The Post-Tznius Purge

Some time ago, I was at a wedding in Israel. I ran into a woman I knew from years before, and we started talking about life and religion. She mentioned, “I hope this outfit is modest enough for this wedding. I had such a hard time finding something to wear to this wedding because I threw out all my tznius clothing after I stopped being Orthodox.” She was wearing a stylish black dress with thin straps at the top and that hit a little above her knees. She looked beautiful, but definitely was outside the norm for an Orthodox wedding, where most people wore sleeves that, if they didn’t hit the elbow, they almost did.

She wore a dress not unlike this one.

Orthodox women have a way to “tziusfy” just about every piece of non-tznius clothing. For example, on the dress above, one could easily throw on a cardigan over the sleeves and call it a day. (There are varying levels of tznius. Some women wouldn’t feel comfortable showing as much clavicle as this dress shows, they’d probably put a black or white shirt underneath the dress).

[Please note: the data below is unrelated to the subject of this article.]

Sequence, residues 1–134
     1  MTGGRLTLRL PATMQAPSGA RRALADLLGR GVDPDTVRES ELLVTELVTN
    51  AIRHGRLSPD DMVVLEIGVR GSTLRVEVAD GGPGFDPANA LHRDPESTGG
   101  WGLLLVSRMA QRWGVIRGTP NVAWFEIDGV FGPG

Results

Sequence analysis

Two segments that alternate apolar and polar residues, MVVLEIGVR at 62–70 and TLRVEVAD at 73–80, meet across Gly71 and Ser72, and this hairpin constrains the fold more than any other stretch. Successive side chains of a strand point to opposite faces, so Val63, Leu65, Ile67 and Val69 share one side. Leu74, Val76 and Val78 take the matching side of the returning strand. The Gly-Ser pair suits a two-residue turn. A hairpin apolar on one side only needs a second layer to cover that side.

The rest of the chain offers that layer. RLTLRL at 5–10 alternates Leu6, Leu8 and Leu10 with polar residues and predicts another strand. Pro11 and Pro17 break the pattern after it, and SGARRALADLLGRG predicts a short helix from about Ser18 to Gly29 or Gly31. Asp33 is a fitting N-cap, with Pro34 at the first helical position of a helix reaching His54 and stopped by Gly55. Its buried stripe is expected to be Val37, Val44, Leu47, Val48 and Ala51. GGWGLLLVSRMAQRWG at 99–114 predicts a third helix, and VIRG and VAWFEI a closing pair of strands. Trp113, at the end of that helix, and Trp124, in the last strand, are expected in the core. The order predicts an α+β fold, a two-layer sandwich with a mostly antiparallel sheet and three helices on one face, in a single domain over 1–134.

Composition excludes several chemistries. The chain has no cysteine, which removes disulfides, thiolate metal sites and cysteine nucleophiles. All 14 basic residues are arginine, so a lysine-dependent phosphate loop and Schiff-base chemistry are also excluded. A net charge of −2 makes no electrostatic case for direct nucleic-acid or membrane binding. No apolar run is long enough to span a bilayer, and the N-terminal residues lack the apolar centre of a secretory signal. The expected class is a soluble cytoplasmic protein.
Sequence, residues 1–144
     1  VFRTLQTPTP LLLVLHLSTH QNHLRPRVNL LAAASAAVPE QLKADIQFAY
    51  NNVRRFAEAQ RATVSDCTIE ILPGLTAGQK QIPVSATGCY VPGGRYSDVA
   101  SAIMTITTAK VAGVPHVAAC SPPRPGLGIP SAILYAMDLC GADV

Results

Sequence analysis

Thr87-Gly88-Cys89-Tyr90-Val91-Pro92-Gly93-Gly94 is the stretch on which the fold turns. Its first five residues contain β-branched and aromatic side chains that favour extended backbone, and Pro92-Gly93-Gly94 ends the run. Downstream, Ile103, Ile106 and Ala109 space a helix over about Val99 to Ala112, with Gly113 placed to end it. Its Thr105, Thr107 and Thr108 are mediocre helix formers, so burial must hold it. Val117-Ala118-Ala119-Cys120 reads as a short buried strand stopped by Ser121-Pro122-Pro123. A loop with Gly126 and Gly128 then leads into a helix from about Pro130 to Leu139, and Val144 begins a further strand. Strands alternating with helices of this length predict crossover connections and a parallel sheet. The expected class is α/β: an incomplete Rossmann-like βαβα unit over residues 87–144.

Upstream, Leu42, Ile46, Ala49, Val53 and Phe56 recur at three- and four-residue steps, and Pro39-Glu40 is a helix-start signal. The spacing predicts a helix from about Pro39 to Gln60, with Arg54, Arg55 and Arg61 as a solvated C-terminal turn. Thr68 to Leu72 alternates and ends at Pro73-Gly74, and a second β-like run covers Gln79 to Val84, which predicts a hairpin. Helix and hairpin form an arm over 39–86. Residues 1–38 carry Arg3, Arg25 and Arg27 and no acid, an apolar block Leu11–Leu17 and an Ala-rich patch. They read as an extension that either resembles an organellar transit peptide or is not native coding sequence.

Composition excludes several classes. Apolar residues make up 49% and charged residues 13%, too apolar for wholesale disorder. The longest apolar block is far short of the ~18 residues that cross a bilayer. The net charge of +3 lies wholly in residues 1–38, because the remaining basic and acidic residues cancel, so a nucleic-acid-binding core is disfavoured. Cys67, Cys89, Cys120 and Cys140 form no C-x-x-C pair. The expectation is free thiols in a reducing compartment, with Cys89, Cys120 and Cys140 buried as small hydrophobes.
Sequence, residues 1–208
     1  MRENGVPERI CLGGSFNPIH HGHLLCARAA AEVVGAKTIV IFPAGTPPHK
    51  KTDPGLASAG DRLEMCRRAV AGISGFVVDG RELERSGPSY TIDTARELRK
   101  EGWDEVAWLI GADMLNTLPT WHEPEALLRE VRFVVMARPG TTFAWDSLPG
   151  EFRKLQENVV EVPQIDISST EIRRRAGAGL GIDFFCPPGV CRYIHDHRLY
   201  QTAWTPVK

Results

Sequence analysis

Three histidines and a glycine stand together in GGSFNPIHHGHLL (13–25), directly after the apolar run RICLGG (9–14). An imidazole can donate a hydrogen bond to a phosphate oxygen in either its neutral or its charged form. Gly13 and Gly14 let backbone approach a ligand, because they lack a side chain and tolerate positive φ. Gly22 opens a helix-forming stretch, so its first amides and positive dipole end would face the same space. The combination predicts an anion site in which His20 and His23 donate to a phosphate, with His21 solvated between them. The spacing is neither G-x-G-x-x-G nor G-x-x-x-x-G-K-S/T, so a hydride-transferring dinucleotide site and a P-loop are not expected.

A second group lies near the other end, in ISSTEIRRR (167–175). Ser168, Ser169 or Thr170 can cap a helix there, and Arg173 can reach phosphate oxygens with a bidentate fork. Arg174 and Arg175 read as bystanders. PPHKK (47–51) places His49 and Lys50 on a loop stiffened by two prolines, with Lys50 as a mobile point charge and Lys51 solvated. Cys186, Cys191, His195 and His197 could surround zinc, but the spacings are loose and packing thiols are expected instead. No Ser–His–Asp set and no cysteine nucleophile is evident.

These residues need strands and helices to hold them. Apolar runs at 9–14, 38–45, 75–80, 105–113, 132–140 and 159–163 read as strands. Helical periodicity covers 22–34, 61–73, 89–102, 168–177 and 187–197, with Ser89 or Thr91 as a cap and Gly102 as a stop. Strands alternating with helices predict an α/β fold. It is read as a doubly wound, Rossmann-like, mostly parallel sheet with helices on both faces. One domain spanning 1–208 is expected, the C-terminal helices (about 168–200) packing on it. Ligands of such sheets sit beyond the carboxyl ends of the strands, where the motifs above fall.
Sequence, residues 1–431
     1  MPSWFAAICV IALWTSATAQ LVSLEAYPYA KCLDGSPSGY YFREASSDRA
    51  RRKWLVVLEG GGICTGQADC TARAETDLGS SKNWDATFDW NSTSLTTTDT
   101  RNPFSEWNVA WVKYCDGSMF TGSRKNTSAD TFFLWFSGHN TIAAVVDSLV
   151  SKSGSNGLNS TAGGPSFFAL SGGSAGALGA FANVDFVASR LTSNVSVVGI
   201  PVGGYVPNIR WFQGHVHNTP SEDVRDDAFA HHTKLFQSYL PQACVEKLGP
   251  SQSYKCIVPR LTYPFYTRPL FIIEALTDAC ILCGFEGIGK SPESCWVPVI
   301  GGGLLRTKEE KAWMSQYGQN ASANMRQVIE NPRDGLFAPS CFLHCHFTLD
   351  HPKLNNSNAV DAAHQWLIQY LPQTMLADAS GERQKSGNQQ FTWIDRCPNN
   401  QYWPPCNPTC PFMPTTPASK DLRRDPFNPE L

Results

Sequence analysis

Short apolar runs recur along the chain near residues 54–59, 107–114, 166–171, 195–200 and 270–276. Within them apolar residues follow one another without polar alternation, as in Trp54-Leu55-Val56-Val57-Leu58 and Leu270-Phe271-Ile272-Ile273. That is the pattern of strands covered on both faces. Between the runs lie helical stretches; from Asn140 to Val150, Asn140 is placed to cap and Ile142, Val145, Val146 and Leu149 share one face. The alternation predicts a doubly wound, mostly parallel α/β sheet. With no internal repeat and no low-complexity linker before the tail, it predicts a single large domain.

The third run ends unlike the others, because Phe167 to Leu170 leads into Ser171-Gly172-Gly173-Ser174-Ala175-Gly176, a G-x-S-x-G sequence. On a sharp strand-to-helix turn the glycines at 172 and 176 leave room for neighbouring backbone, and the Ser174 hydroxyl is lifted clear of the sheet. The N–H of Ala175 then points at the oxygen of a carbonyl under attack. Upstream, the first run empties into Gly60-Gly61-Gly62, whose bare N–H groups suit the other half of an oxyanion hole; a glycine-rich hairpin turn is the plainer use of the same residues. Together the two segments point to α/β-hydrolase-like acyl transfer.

When she made the comment to me, I reassured her “You look great. No one here cares what you wear anyway.” It was true. The wedding was mostly liberal Modern Orthodox Jews who like to pride themselves on how open-minded they are, even if their own practices might be somewhat different. Still, I couldn’t help but think, “You didn’t keep one black cardigan?” That’s not one of those pieces that scream “ORTHODOX”. It’s a piece that most women, tznius or not, keep in their closets because it’s good to wear to work, good for when the weather gets chilly, and can dress up pretty much any outfit. It was a staple among my [mostly non-Jewish] female co-workers.